Posted by on Apr 30, 2012 in Uncategorized

A Demand for Respect for Indigenous Beliefs

By: Ruth Hopkins

Man has shown himself to be a spiritual being.  Every culture, for time immemorial, has held a belief in a higher power(s), communed with those deities by means of prayer and ceremony, and based on that belief system, established core values that promoted virtuous life practices.

Sounds great, right?  So where’s the controversy?  Well, humans are flawed.  Over time, people have twisted belief systems, born of grace, love, and sacrifice, and manipulated them so they may be used to strike fear into people’s hearts.  Combined with wealth and power, religion became a viable means of controlling the general populace.  Indoctrinated fear, coupled with ignorance, breeds hate.

Worldwide, the topic of religion is a lightning rod.  Serious discussion of religion and spirituality between people of differing religious faiths often leads to an impasse or worse; anger, and condemnation.  Mankind wages war in the name of ‘God.’  All the while, each side claims to have his blessing.  I wonder what The Creator God thinks when individuals from opposing sides pray to him, and then set out to kill one another in his name?

This disconnect is particularly evident in Christianity, in all its incarnations.  Ancient text written by ardent Disciples of Christ was interpreted by monks living in the dark ages.  Translations are fallible.  Books were excluded.  Even so, the Bible holds meaningful passages.  Here are just a few:  “Love thy neighbor as thyself,” (Mark 12:31) “Love never fails,” (1 Corinthians 13:8a) and “The truth shall set you free.” (John 8:32)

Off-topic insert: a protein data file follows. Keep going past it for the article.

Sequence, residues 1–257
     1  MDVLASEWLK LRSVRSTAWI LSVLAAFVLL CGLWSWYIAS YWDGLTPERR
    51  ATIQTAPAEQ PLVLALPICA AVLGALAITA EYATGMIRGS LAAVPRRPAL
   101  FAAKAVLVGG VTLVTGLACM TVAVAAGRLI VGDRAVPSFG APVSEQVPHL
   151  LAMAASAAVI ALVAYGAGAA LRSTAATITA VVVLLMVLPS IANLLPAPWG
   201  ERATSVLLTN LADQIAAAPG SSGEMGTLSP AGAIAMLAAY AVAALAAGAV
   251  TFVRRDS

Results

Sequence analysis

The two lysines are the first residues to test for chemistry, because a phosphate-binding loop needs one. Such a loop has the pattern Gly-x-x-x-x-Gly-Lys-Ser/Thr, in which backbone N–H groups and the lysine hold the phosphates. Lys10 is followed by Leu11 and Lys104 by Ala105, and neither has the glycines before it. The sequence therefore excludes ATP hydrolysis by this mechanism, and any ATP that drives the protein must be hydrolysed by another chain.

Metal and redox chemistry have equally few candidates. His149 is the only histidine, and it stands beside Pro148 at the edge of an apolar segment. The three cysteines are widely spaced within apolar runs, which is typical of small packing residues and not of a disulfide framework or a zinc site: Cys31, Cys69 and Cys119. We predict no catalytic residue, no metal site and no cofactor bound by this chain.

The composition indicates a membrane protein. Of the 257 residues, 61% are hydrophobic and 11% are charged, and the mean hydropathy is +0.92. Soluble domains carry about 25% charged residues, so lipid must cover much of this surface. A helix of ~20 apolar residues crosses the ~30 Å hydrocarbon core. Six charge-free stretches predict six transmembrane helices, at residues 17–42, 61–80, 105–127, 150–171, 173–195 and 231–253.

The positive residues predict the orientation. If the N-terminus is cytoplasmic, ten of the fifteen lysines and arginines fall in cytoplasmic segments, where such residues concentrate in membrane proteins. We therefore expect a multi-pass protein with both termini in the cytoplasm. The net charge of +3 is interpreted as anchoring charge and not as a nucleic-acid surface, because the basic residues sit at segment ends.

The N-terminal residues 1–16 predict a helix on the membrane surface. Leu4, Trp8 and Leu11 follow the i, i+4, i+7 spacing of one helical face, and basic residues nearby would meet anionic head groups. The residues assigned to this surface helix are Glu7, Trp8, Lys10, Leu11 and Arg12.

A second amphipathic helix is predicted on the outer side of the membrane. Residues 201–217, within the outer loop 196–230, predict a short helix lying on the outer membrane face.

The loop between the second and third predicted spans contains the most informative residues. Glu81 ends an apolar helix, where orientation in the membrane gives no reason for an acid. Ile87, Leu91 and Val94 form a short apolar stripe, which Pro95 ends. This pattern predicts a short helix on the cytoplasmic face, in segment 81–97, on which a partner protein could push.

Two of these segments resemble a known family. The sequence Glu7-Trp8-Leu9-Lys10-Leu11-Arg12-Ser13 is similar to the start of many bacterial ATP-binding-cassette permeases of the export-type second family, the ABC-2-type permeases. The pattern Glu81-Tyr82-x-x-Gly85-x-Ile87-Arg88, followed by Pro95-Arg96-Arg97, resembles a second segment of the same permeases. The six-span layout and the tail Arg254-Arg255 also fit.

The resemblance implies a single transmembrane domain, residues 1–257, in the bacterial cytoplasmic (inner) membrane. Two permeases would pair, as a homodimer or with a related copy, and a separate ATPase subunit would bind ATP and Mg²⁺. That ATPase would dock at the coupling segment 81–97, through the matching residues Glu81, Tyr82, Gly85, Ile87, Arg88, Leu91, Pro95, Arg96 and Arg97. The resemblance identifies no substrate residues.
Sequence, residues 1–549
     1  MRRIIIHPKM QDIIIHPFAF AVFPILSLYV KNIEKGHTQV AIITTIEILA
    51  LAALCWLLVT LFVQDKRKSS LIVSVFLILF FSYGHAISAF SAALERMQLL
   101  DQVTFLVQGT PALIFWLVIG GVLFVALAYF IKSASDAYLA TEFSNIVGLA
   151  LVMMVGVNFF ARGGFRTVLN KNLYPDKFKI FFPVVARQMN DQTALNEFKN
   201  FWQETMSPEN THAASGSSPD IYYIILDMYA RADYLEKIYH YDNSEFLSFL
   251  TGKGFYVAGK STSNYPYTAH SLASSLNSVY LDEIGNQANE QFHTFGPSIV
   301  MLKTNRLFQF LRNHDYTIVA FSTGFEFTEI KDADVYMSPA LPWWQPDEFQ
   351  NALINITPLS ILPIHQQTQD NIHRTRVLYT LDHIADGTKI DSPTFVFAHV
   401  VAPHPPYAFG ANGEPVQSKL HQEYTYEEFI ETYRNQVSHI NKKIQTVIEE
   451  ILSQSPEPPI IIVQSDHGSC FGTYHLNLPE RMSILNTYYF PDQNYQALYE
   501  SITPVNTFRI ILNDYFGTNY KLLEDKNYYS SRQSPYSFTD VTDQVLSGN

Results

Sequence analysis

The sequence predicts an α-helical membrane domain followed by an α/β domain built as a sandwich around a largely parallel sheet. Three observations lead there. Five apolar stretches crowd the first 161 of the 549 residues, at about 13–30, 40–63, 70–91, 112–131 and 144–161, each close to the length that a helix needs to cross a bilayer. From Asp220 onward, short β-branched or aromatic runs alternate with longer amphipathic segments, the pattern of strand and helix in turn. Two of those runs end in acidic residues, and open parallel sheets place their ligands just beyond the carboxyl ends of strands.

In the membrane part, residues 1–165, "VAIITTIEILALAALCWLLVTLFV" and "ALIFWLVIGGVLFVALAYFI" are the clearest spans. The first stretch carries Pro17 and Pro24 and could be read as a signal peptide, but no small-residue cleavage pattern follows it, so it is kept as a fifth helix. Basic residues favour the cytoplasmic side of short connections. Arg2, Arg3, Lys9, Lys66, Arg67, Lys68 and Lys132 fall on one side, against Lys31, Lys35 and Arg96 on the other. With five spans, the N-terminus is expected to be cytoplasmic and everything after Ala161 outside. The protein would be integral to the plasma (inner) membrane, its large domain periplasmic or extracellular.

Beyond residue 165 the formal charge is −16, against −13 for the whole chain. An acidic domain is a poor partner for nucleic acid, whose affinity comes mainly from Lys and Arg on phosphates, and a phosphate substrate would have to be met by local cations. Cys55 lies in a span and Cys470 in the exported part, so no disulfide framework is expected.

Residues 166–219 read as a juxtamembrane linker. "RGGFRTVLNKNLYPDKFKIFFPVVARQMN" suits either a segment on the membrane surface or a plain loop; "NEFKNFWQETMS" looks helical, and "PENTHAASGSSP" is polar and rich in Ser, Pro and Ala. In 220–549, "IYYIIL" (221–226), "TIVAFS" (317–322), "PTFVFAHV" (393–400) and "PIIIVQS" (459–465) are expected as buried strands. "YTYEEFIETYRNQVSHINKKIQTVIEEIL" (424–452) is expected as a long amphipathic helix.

Unfortunately, some Christians focus on other passages and interpret them in such a way that it affords them province over nature and ‘unbelievers.’  The verse, “I am the way, the truth, and the life, and no man cometh to the Father but by me,” (John 14:6) is used by factions of fundamentalist Christians to justify persecuting others who are not Christians.

What do we get as a result of a religion that believes it alone has the power to decide who goes to heaven or hell, if such places do indeed exist in the afterlife?  The Spanish Inquisition.  The Salem Witch Trials.  Manifest Destiny.  Genocide of Indigenous peoples.  The Doctrine of Discovery.  Boarding Schools assigned the task of ‘killing the Indian and saving the man.’ Environmental devastation on a global scale, by a people who believe they have dominion over every living creature on the surface of the planet.  A culture of fear.  ‘God Hates Fags’ signs at military funerals.  Governmentally mandated rape by vaginal ultrasound.

Apparently they’ve forgotten another verse, which speaks to hypocrites:  “How can you say to your brother, ‘Let me take the speck out of your eye,’ when all the time there is a plank in your own eye?” (Matthew 7:5)

There’s been a rash of racist flyers distributed in South Dakota lately.  These flyers exemplify my concerns about the need for tolerance and respect for the spiritual beliefs of others.  It’s been said that the flyer I’m including here has been circulated by Christian church members.  The flyer calls the sacred Lakota rite of Yuwipi, as well as hand games, ‘satanic,’ and claims our sundancers suffer from ‘mental illness.’  Nothing could be further from the truth.